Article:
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Man With The Golden Gun

Hey all,

Here is a personal favorite of mine from the Ian Felmming James Bond series. And what a series it was. I was cleaning out my basement and came across this gem of a book so I thought I'd make a lil post about it and give it some well-deserved props. Here goes...

They say that all good things must come to an end. In the case of Ian Fleming's James Bond novels, that end is with The Man with the Golden Gun. After this, there would only be a short story collection (Octopussy & The Living Daylights) to wrap up the set. Posthumously released (and supposedly concluded by a ghost writer), this book is generally considered one of the weaker of the Bond books, but I actually found it to be a pretty decent conclusion to the series.

The book opens by resolving issues left open in You Only Live Twice (so if you don't want that book spoiled, read no further). Bond, having suffered a head injury, has lost most of his memory and has wound up in Soviet hands, where he is brainwashed into becoming an assassin. His target is M (whose name is revealed to be Miles Messervy). The plot is quickly foiled and Bond is sent to a clinic to be straightened out.

To determine if Bond is still worthy of his 007 number, M dispatches him to Jamaica to kill Francisco Scaramanga, the title character who wields a special gold plated pistol. Scaramanga is one tough man, a sort of anti-Bond who is probably tougher than his hunter. A la Hamlet, Bond is a reluctant and hesitant killer, deferring his opportunities for finishing Scaramanga to instead infiltrate the Man with the Golden Gun's criminal enterprise. Eventually, like the Shakespearean character, procrastination will have to be replaced by action, leading to a showdown between the two.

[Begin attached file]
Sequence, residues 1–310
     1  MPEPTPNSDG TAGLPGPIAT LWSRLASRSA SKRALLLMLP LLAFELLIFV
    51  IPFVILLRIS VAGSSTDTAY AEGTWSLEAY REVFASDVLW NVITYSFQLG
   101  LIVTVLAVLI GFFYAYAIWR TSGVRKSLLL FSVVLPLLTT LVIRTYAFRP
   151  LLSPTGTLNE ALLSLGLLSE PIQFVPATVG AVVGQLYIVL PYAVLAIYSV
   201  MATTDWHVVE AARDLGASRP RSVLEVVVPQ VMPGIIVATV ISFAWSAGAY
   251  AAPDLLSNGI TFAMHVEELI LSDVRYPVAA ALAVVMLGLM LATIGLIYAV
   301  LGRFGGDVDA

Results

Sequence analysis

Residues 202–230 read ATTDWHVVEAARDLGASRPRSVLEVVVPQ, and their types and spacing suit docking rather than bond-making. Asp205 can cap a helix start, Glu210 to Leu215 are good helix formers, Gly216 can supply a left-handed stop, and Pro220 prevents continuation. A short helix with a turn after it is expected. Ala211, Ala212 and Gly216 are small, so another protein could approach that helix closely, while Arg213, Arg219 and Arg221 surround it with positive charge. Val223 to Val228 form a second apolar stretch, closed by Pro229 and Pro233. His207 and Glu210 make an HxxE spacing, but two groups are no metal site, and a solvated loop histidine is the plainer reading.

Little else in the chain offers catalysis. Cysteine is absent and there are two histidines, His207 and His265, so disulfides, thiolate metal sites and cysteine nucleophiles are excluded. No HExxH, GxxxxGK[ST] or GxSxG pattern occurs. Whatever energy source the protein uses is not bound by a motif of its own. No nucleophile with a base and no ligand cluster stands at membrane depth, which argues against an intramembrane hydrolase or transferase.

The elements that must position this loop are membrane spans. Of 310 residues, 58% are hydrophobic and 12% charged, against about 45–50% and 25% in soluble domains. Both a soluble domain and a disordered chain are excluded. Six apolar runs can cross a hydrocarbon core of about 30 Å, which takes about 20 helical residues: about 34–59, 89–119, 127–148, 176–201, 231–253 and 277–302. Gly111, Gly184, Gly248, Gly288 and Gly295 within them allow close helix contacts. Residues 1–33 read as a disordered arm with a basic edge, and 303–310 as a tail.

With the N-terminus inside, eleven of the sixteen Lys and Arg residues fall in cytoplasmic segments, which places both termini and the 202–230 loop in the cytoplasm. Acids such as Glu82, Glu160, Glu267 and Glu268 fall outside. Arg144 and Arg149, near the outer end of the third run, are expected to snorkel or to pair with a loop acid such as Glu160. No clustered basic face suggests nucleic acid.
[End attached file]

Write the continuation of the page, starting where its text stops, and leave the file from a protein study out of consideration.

This works well as a final Bond novel, with none of the open issues that marked other recent books. Scaramanga is a worthy adversary and there's a decent amount of action. On the other hand, this is a bit shallower of a book than the two previous novels (On Her Majesty's Secret Service and You Only Live Twice) which both gave a deeper look into the British superspy. Overall, this is a good but not great book and a reasonably worthy conclusion to the Bond series.

Keep it real...
basementgamesltd wrote:
Here is a personal favorite of mine from the Ian Felmming James Bond series ...

I agree: in any case the book was so much better than the film which, in my opinion, was and is the low point of all Bond pics. But I might be quite alone with that assessment since I am also a "On Her Majesty's Secret Service" fan, finding George Lazenby's Bond the most believable (perhaps assisted by an excellent screenplay [except for kilt!])
This movie is good.. my personal favorite is live and let die..
What was the title of the first book? I know I could just google it, but this seems more personal. Besides, I'm too lazy to sift through the movie results for the books.
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